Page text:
DINGELL: Well, they're certainly not right about my district. Although I want to say that people don't -- shouldn't have to have consultants tell them how to talk. If you're out there listening to your constituents, which I am, I'm in a union hall every week, but I'm also at the farmer's market in Ann Arbor every weekend. You know what your constituents are thinking. You know what they need. And you need to represent them. You need to understand how they feel and what they need and --

HARLOW: So you don't think does it. You don't think a "Better Deal" does that.

DINGELL: No, I don't disagree with a "Better Deal," but you need to be able to talk about a better deal. I can talk about it because I know what they mean. If you look at my "Washington Post" op-ed that I wrote in November, it's very close to what they've written because it's -- I've got it. That's what I talked about in November. And we didn't get last election.

HARLOW: So you're -- you predicted -- I mean you thought and you write about this that President Trump was going to take this election even before he did. You saw this and you saw what was happening in Michigan. You had Representative Seth Moulton, Democrat from Massachusetts, your fellow Democrat in Congress, saying he doesn't want the leadership, Pelosi and Schumer's name, on bumper stickers heading into 2018. He said they are not the future face of the party. Do you agree new leadership is need?

DINGELL: You know, why are we having this discussion? I represent my district. And in my district, it's my name that's on the bumper sticker.

HARLOW: Well, we're having the -- well, hold on, we're having the discussion because leadership is in charge of a lot of fund-raising and messaging and sort of the forward face of your party. It matters, right?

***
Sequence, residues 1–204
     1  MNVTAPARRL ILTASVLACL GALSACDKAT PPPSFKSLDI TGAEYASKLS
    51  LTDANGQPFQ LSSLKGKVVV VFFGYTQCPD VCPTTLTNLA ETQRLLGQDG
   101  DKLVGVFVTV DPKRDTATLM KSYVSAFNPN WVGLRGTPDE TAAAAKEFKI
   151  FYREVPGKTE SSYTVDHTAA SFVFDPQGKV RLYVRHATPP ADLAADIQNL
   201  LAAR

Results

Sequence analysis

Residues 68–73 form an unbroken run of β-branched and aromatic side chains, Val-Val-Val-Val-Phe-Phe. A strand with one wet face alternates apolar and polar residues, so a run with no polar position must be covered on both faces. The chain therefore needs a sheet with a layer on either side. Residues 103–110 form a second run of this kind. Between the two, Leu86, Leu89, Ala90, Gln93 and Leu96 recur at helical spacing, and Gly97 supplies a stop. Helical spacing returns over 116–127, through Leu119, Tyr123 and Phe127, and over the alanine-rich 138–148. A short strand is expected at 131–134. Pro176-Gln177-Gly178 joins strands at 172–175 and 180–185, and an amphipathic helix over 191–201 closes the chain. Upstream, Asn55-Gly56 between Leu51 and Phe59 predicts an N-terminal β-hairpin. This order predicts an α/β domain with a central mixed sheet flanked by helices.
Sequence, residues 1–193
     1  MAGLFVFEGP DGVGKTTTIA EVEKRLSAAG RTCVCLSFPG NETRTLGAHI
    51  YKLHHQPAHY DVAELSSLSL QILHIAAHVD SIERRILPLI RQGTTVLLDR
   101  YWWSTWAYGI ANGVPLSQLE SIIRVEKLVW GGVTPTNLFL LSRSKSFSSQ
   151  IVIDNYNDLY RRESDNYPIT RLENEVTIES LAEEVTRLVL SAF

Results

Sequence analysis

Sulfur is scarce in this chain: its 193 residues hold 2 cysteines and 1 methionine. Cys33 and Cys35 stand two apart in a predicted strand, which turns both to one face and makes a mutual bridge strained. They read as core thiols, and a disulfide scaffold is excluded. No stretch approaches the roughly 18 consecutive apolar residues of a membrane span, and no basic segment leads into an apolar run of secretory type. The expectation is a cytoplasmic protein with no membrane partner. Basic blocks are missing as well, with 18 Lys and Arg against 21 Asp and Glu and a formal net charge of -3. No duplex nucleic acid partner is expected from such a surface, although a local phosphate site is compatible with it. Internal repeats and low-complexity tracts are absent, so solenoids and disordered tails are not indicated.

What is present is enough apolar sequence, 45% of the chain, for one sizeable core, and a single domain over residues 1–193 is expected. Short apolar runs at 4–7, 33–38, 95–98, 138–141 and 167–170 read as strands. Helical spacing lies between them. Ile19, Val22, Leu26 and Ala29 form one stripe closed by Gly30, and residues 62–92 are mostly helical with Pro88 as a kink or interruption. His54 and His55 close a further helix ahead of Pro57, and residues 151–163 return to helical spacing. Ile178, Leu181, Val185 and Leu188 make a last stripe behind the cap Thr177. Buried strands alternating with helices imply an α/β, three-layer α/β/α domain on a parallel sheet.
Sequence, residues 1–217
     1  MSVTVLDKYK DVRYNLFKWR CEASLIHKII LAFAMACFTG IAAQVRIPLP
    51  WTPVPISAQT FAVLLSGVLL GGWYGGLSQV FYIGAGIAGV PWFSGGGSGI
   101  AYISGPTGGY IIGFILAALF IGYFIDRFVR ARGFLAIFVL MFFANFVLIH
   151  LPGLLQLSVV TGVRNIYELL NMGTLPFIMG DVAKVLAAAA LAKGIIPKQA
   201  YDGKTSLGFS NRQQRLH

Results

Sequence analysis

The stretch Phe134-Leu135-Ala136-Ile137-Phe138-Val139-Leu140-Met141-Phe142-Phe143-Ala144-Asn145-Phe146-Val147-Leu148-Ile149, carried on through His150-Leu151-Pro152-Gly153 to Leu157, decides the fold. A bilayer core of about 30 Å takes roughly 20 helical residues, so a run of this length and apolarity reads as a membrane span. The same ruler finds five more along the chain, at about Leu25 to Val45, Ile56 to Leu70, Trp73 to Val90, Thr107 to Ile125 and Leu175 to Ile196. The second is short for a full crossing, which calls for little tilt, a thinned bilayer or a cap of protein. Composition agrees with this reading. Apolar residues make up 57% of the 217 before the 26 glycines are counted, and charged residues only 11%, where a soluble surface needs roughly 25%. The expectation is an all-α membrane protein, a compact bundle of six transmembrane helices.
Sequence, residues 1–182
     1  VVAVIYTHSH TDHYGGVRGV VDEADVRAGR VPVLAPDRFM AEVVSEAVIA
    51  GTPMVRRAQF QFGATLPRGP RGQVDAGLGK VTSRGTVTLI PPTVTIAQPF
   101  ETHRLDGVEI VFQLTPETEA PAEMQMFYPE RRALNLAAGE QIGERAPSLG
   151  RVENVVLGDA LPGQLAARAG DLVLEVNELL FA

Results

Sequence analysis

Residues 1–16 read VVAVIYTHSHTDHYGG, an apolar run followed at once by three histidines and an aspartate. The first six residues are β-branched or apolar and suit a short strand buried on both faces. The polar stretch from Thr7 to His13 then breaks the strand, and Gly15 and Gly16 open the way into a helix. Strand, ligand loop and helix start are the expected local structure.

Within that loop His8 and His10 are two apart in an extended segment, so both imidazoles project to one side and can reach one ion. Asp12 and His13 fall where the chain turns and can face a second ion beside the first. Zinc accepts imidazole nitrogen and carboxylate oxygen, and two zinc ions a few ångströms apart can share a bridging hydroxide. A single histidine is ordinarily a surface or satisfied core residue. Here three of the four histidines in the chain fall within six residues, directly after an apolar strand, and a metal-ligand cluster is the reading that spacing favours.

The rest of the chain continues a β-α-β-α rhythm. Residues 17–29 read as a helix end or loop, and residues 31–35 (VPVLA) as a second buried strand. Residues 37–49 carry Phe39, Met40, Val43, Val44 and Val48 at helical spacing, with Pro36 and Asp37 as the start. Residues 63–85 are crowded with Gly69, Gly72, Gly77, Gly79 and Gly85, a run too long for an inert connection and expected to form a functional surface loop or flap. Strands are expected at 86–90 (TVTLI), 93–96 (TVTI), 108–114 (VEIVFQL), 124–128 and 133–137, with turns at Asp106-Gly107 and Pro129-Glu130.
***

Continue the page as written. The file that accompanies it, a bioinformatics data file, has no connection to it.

[09:45:04] DINGELL: See, I -- I don't think that that's the discussion that we need to be having right now.


DINGELL: And I won't have that discussion because I think it's people trying to divide us. And that's what people are trying to do every place, divide us with fear and hatred. I want to talk about the issues. And I'm going to talk about the issues. And I think it's a sheer distraction when we try to have these discussions. They're false discussions.

HARLOW: I am glad you're here. I wish we had more time. But come back and let's dig more into health care, which I wanted to do.

But guess what's next? An entire block only on the issues, only on health care, no politics involved, because we agree that matters for the American people.

Congresswoman, thank you very much. We'll be back with that.


[09:50:13] HARLOW: All right, so for a moment we are going to move beyond politics. That is right. For the next like six minutes, you're not going to hear anything about politics. We're just going to talk about the issues that matter most to you and your family. Critical among them, health care. A new Kaiser Family Foundation out this morning shows consumers will likely find fewer choices and higher premiums on their Obamacare exchanges next year.